KARACHI, Dec 21: Over 20,000 employees of the Karachi Metropolitan Corporation are facing hardship in making ends meet because they have not been given their salaries for the month of November thanks to the Sindh government which has not released the required amount to the civic organisation, it emerged on Friday.
There are around 34,000 employees in the KMC and their salaries are routinely delayed because of a tug of war between the provincial government and the civic organisation over release of funds to the latter on time as well as an increase of its share in the head of the Octroi Zila Tax (OZT).
Sources said that the monthly salary bill of the around 34,000 employees of the KMC ranged between Rs840 million and Rs850 million. Every month, the Sindh government transferred around Rs827 million — Rs327 in the head of OZT share and Rs500 million as grant-in-aid from the chief minister — to the KMC so that it could give salary and pension to its serving and retired employees, the sources added.
They said that earlier the funds from the Sindh government used to come regularly without much difficulty. However, following the beginning of the current financial year the KMC’s share of the OZT of Rs326 million came regularly, but the grant-in-aid of Rs500 million became erratic.The sources said that the provincial government had released only Rs326 million a few days back to the KMC, which had paid around Rs100 million to the Karachi Electric Supply Company and remaining Rs226 million was distributed among pensioners as well as majority of the lower-grade employees (from BPS-1 to BPS-5).
While the grant-in-aid from the CM was yet to be released, the Sindh government had been insisting that the KMC lower its expenses and adopt measures to increase its revenue base, the source said. However, the KMC had been insisting that its share in the head of OZT, which had been fixed years back, be rationalised and increased and its dues be paid to it, they added.
Sindh Finance Secretary Naveed Baloch was of the opinion that the KMC demand for Rs827 million under different heads was on a higher side and could easily be rationalised and reduced by Rs100 million to bring it down to Rs727 million. Besides, he thought that the KMC through its own resources could generate another Rs100 million per month bringing the requirement further down to Rs627 million.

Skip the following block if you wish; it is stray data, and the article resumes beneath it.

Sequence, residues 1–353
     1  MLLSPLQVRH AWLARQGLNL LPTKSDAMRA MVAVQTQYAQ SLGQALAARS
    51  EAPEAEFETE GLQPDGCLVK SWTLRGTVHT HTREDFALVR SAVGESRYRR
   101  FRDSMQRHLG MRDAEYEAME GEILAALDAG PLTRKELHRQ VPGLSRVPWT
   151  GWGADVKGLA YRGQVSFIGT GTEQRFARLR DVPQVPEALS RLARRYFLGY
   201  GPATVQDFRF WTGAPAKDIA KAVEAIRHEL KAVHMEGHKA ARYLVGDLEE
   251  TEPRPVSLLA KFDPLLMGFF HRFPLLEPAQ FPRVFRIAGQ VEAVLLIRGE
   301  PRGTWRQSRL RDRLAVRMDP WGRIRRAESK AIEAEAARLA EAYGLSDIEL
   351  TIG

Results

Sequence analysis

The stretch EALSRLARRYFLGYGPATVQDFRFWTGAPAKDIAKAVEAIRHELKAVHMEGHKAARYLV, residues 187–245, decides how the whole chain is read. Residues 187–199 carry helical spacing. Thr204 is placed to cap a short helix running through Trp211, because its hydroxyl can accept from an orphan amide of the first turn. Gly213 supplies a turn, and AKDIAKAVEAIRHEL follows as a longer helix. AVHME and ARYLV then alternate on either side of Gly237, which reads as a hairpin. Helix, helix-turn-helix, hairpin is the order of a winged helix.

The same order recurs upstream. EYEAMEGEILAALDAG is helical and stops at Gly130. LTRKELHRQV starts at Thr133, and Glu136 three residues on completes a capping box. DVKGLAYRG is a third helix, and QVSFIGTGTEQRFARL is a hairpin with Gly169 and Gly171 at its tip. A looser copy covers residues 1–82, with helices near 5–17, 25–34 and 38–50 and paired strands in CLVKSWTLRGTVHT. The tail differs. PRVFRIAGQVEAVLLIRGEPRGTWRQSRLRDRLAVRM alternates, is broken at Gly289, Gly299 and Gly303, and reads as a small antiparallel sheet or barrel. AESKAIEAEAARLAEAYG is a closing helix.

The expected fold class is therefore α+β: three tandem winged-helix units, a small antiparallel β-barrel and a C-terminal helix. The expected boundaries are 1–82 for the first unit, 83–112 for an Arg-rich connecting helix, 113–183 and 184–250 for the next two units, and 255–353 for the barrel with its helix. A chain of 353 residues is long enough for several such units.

Referring to the finance secretary’s contentions that the KMC administrator had claimed that over 5,000 employees had been laid off but its financial impact was not visible in the monthly salary bill, Chief Secretary Raja Mohammad Abbas said in a communication that the government had been releasing the monthly grant of Rs500 million but the arrangement was not sustainable and required a permanent solution by rationalising the expenditures and resources of the KMC.
No salary for Christian employees for Xmas
While Christmas is around the corner, about 2,500 Christian employees are also among those 20,000 KMC staffers who have not been paid their salaries.
The sources said that it had been decided by the government that in case of a religious festival the employees were given an advance salary, but unfortunate Christian employees could not think of the advance remuneration because they had been deprived of their past month’s salary.
They said that no funds were released on Friday, the last working day of the week, and even if the government released the funds on Monday, for which there were dim chances, the minority community members could not get their salaries in time for Christmas, which was on Tuesday.
KMC chief officer Matanat Ali Khan told Dawn that the civic agency was in contact with the Sindh governor, the chief minister and the chief secretary for the release of grant-in-aid and it was being assured that the funds would be released soon.
KMC demands Rs14.9bn OZT share annually
According to a working paper of the KMC to demand an upward review in the OZT share, in 1991-92 the octroi collection was Rs2.014 billion whereas in 1998-99 it was over Rs4 billion. In 1999, the octroi was abolished and a matching grant to be funded from the sales tax was fixed, but the correct amount was rarely paid to the KMC, which had been paid around Rs5.121 billion less compare to its actual share.
It said when the octroi was abolished in 1999 the total import value only from the seaports was $4.68 billion. At that time one dollar was equal to Rs44 and the total import value in PKR was Rs299 billion and Karachi’s share (1.35 per cent) came to Rs4 billion. While the import value of goods had now increased to $13 billion, which comes to Rs1,105 billion if calculated at Rs85 per dollar, the Karachi’s share now comes to Rs14.9 billion annually.
The KMC demanded that the release of funds in lieu of OZT may be increased rationally to Rs14.9 billion and the short released amount of Rs5.12 billion may be paid to the civic body so that it could overcome its financial issues and could function properly.